New man: Chambersburg’s new boys basketball coach, Beau Gantz, talks to his team at a practice this week.
New man: Chambersburg's new boys basketball coach, Beau Gantz, talks to his team at a practice this week. (Public Opinion/Ryan Blackwell)
Chambersburg has two new basketball head coaches for this winter season.

The circumstances surrounding each are about as different as could be.

Boys coach Beau Gantz has previous head coaching experience, with Elizabethtown and Harrisburg. But it's been 19 years since he coached the Cougars, with the time in between taken up by school administrative duties then retirement.

Girls coach Jen Schmutzler is a first-time head varsity coach.

Gantz was hired from outside the school district.

Schmutzler is a former Trojan player and has been an assistant coach in the program for several years.

Gantz is replacing a highly successful predecessor in Shawn Shreffler, who was let go in a controversial move in April after 15 years, with 241 wins and a pair of District 3 titles.

Schmutzler replaces Anthony Rose, who managed just 18 wins in his three seasons.

The Chambersburg boys are a regular top-echelon team in the Mid Penn Commonwealth Division and qualify for the playoffs nearly every year.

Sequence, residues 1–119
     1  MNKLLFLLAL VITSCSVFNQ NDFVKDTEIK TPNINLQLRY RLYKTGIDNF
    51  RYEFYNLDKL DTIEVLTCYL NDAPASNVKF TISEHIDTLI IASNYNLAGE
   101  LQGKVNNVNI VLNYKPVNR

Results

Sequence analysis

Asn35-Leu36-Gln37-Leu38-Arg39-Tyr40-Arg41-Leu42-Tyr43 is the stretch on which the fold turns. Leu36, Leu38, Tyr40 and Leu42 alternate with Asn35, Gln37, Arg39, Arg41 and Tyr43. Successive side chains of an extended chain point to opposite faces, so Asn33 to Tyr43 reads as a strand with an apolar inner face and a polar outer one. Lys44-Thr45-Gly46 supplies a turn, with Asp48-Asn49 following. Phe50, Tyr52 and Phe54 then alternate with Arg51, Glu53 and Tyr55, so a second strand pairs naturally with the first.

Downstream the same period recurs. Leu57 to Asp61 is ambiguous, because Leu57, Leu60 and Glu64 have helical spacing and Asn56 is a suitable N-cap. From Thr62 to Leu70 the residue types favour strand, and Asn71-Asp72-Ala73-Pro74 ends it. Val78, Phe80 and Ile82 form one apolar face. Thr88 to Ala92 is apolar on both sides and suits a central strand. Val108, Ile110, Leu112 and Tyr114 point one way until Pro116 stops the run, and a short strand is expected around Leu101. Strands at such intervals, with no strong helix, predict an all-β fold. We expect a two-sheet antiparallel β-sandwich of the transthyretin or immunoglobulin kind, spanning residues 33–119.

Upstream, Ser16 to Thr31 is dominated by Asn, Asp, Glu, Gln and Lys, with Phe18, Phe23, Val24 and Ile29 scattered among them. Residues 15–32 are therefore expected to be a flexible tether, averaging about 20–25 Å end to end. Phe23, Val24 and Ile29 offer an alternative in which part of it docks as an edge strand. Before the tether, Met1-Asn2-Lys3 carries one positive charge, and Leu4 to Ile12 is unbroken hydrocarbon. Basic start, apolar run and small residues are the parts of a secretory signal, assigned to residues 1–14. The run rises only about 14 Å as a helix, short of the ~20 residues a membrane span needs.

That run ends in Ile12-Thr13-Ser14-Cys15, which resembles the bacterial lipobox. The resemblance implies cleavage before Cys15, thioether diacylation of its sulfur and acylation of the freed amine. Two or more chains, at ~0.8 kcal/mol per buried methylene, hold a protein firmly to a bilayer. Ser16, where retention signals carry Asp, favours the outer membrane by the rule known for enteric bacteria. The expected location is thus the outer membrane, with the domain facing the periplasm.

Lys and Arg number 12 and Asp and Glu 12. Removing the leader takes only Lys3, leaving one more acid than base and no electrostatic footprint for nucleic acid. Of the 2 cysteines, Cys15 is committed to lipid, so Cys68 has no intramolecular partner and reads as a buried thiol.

For years, the Trojan girls have been mired near the bottom of the Commonwealth and last reached the playoffs in 2007.

The boys return the core of the team that won a District 3 Class AAAA championship last year and Gantz has apparently been able to find some role players he thinks will blossom this season. He is expecting big things.

The girls lost a couple of starters to graduation, and three others who were regularly in the rotation chose not to come out this season.

This is why Gantz said this week, "You could say I fell into a great situation here.


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It's a great group of kids to work with and there is a lot of talent."

And why Schmutzler said, "With a new coach and a new system, it's been tough. We're trying to build here. The girls are working hard and buying into what we're teaching them, but we have a lot of work to get done to get where we want to be."

It's a pretty big contrast.

Gantz is not concerned about his time away from coaching.

"It's like riding a bike," he said. "But it's more than relating to kids and X's and O's - it's the red tape that's a problem.

Trying to build: Jenny Schmutzler, the new Chambersburg girls basketball coach, gives her team instructions during a scrimmage Wednesday.
Trying to build: Jenny Schmutzler, the new Chambersburg girls basketball coach, gives her team instructions during a scrimmage Wednesday. (Public Opinion/Ryan Blackwell)
I thought when I retired I was done with paperwork, but now it's much worse than it used to be. Heck, I have to have two clipboards - one for work (roster, plays, etc.) and one for the paperwork."

The new coach was able to run the program this summer and he likes what he sees.